Losing The Sky: Mission

What can we do?

Are we powerless in the face of technological progress, and commercial pressure? I don’t think so. Professional astronomers, astronautics specialists, industry scientists, and others are working hard on technical working groups. Not everybody can help with that, but here are some things everybody can do.

Spread the word. Discuss the issues with your friends. Get them to read the book, follow the links, watch the videos, and join in the discussion in the YouTube comments. Educate yourself so you can argue sensibly.

Sign the petitions. If you are a professional astronomer, you should sign the Astronomers Appeal, set up by Stefano Gallozzi. As a member of the public, it is more appropriate to sign the Losing the night sky appeal at Avaaz.

Write to your local representative, i.e. Member of Parliament, Congress Person etc, letting them know what you think – for example that space should be treated as part of the natural environment, or that you are worried we will end up with space advertising, or whatever. Politicians (in most countries…) take letters from citizens very seriously. They assume that for every person that writes, another thousand feel the same way.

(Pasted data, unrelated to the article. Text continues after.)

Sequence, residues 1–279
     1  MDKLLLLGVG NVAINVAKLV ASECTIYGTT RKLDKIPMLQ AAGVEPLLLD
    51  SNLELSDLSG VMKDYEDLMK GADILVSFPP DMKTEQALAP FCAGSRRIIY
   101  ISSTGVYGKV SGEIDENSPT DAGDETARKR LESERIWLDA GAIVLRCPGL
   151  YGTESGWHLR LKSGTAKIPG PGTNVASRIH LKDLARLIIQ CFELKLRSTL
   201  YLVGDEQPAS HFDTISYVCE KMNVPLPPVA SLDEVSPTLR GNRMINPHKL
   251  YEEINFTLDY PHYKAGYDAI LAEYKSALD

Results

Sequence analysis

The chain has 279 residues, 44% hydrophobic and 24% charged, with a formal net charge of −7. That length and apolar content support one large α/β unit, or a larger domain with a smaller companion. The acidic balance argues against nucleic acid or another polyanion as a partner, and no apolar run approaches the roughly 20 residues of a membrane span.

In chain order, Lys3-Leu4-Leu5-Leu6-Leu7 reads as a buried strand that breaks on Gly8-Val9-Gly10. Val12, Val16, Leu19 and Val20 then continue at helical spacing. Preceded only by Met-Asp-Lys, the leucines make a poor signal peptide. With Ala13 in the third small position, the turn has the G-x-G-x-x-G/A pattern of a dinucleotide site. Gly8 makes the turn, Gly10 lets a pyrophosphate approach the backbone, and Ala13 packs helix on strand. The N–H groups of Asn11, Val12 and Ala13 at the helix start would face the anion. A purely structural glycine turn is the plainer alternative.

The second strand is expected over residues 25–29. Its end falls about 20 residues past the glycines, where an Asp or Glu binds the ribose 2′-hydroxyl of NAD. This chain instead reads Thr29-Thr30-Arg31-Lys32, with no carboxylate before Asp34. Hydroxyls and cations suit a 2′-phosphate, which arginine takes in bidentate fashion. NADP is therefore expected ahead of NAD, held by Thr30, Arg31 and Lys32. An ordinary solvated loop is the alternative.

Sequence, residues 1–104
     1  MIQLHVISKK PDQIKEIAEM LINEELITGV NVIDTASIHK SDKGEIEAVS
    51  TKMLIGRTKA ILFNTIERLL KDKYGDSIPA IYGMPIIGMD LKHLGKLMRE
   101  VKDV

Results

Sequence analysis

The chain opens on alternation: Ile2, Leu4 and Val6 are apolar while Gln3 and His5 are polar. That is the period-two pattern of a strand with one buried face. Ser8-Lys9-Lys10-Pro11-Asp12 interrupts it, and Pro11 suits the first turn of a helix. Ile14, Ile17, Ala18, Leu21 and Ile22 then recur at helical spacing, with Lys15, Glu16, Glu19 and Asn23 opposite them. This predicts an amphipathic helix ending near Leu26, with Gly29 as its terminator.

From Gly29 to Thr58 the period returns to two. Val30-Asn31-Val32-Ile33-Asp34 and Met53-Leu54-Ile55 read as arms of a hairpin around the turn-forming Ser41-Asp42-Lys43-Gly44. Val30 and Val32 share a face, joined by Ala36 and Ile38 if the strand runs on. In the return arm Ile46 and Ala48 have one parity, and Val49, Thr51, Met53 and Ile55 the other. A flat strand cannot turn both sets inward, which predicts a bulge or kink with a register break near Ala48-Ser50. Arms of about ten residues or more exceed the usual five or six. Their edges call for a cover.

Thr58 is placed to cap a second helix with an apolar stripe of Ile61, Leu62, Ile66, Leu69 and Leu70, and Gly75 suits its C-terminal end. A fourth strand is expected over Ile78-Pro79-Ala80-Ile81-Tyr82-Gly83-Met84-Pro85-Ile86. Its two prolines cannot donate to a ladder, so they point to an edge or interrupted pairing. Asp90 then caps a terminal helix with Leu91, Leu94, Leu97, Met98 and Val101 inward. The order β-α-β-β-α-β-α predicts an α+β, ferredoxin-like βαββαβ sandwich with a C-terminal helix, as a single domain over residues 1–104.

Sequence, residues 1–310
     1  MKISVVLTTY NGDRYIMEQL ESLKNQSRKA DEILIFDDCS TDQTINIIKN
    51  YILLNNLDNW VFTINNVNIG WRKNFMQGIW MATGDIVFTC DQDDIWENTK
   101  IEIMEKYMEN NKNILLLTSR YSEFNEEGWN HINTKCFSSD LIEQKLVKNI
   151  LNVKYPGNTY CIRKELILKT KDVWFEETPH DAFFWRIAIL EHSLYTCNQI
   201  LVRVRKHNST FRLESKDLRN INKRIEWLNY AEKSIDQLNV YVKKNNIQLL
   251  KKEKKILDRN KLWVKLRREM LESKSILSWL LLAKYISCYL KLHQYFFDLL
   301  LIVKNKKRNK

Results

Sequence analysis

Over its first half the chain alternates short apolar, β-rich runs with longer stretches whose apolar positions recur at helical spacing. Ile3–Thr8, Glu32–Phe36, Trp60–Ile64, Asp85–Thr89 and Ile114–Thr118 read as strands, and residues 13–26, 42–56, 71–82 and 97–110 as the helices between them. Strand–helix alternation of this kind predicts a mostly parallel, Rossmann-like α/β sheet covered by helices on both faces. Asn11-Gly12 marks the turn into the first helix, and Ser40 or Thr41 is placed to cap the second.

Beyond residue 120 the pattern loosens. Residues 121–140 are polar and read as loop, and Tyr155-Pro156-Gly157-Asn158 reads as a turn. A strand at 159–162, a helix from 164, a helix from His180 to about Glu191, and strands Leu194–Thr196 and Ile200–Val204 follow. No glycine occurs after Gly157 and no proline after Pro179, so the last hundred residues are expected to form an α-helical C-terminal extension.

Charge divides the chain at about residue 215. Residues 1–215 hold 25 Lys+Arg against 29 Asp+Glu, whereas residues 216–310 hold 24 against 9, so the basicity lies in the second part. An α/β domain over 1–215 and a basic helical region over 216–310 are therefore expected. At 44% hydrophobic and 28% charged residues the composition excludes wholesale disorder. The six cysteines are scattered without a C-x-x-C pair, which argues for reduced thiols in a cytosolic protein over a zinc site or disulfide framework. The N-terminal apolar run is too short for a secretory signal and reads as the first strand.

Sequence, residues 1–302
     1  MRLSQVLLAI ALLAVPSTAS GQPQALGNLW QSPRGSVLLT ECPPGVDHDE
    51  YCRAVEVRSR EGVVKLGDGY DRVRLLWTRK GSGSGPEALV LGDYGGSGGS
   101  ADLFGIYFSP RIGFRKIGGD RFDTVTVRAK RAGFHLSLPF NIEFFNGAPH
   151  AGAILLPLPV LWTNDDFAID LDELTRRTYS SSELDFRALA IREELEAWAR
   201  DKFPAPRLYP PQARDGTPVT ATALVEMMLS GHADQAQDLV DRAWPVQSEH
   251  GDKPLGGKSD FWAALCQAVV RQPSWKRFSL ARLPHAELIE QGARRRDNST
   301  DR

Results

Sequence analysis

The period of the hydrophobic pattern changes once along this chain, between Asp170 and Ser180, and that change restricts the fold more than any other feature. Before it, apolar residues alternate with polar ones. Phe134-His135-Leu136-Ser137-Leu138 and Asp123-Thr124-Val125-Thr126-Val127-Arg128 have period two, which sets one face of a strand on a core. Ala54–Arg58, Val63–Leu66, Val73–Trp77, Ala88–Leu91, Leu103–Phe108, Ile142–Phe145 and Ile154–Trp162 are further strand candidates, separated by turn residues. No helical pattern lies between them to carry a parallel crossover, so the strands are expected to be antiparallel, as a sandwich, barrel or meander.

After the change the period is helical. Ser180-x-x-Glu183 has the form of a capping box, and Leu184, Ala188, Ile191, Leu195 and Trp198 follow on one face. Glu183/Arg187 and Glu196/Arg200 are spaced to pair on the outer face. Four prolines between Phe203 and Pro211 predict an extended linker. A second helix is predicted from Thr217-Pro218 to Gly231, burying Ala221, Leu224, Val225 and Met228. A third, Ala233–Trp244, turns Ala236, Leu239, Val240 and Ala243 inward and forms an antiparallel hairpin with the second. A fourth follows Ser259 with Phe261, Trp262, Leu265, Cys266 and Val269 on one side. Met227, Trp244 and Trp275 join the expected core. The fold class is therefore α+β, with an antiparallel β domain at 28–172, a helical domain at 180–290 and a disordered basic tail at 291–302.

Friends of Space

There is a growing movement towards Space Environmentalism – the idea that we should consider space as a global commons, and a finite resource to be protected, like the oceans or the atmosphere, and that such environmental issues should be part of the approval process for launches, along with spectrum allocation. Many of the participants in our live event feel that for this to happen, we need a campaigning organisation to gather public support and apply pressure – something like a Greenpeace for Space, or a Friends of Space. This does not yet exist, but it may soon get formed – watch this space.

An open letter

In April 2021, as part of the FCC review of the SpaceX proposal to modify the orbits of their initial fleet of 4400 Starlink satellites, I submitted a letter, arguing that approval should be indefinitely deferred. This was a drop in the ocean of course, but it’s as close as I have to a personal manifest, so I offer it up to you as an open letter. The key points are:

  • Megaconstellations are bad for
    – astronomical science,
    – the public right to the sky, and
    – the safe sustainability of commercial activity in space
  • Technical and legal review processes are underway
    – wait for the results !
    – this is new and difficult
  • The internet is too important to allow chaos
    – we already have an agreed shared global software infrastructure
    – we should also aim at an agreed shared global physical infrastructure

Four messages

Global internet is great, but it doesn’t need to be done this way

No we can’t just fix the streaks in software

Space is getting dangerously crowded